- Sep 2, 2008
- Reaction score
the supreme court justices are a bright bunch. But chances are you’re not going to see them at next january’s ces show or ever watch them on a web video demonstrating how to create apps for the iphone.
That much was driven home, it seems, during today’s oral arguments in the case city of ontario v. Quon.
The case examines whether a california police department violated the constitutional rights of an employee when it inspected personal text messages sent and received by a pager owned by the city of ontario, calif.
according to this post, at dc dicta, the court asked some questions of the lawyers which, well, the justices’ kids and grandkids could have answered while sleepwalking.
According to the story, the first sign of trouble came was about midway through the argument, when chief justice john roberts asked what the difference was “between email and a pager?” (cue sound of hard slap against forehead.)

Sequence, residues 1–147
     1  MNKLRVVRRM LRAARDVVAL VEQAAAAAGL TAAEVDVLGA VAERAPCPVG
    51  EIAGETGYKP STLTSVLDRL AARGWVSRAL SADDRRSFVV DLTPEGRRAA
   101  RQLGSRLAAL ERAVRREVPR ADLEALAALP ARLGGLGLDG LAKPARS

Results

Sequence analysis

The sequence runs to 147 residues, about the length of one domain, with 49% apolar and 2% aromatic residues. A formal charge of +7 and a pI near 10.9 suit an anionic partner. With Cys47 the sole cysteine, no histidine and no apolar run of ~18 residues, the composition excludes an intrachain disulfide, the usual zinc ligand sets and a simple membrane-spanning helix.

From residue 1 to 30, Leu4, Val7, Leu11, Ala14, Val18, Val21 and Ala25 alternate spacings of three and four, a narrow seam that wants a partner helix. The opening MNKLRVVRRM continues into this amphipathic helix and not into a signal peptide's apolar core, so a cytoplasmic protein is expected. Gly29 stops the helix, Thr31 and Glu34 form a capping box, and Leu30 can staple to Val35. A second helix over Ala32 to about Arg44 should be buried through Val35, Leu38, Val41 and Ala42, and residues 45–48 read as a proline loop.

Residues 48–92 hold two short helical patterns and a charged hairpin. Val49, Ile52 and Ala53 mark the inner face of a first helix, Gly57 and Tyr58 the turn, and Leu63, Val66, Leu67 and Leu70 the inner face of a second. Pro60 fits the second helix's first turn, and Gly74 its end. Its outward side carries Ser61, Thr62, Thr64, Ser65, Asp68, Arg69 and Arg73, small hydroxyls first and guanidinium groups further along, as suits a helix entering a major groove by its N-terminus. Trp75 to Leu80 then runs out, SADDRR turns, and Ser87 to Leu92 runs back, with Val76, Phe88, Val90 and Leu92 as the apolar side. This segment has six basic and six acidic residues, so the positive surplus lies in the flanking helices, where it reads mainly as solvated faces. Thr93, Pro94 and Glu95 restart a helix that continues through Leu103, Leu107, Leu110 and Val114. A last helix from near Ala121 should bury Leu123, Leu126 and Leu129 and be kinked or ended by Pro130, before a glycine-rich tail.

at another point, justice anthony kennedy asked what would happen if a text message was sent to an officer at the same time he was sending one to someone else.
“does it say: ‘your call is important to us, and we will get back to you?’” kennedy asked. (cue sound of louder slap against forehead.)
justice antonin scalia stumbled getting his arms around with the idea of a service provider.
“you mean (the text) doesn’t go right to me?” he asked.
then he asked whether they can be printed out in hard copy.
“could quon print these spicy little conversations and send them to his buddies?” scalia asked.
maybe the justices are against cameras in the court because when they think of cameras, they think of those huge cameras on tripods with the cloth to cover the photographers and the supernova flash-bulbs.